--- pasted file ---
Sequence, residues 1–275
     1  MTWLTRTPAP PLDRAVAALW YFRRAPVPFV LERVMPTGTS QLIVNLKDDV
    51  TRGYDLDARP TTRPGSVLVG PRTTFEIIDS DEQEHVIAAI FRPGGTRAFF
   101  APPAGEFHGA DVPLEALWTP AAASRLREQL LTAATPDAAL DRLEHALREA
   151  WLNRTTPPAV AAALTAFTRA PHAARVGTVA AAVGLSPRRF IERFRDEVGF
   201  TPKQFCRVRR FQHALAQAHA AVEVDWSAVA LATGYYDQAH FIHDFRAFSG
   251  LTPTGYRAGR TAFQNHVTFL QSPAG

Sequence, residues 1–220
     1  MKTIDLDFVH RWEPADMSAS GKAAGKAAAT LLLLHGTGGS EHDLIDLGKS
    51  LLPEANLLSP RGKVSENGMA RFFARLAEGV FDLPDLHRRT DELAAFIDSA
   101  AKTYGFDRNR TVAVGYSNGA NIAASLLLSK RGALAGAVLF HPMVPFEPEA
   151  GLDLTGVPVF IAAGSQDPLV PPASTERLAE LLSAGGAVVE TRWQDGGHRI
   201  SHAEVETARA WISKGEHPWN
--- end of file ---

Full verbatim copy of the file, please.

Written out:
Sequence, residues 1–275
     1  MTWLTRTPAP PLDRAVAALW YFRRAPVPFV LERVMPTGTS QLIVNLKDDV
    51  TRGYDLDARP TTRPGSVLVG PRTTFEIIDS DEQEHVIAAI FRPGGTRAFF
   101  APPAGEFHGA DVPLEALWTP AAASRLREQL LTAATPDAAL DRLEHALREA
   151  WLNRTTPPAV AAALTAFTRA PHAARVGTVA AAVGLSPRRF IERFRDEVGF
   201  TPKQFCRVRR FQHALAQAHA AVEVDWSAVA LATGYYDQAH FIHDFRAFSG
   251  LTPTGYRAGR TAFQNHVTFL QSPAG

Sequence, residues 1–220
     1  MKTIDLDFVH RWEPADMSAS GKAAGKAAAT LLLLHGTGGS EHDLIDLGKS
    51  LLPEANLLSP RGKVSENGMA RFFARLAEGV FDLPDLHRRT DELAAFIDSA
   101  AKTYGFDRNR TVAVGYSNGA NIAASLLLSK RGALAGAVLF HPMVPFEPEA
   151  GLDLTGVPVF IAAGSQDPLV PPASTERLAE LLSAGGAVVE TRWQDGGHRI
   201  SHAEVETARA WISKGEHPWN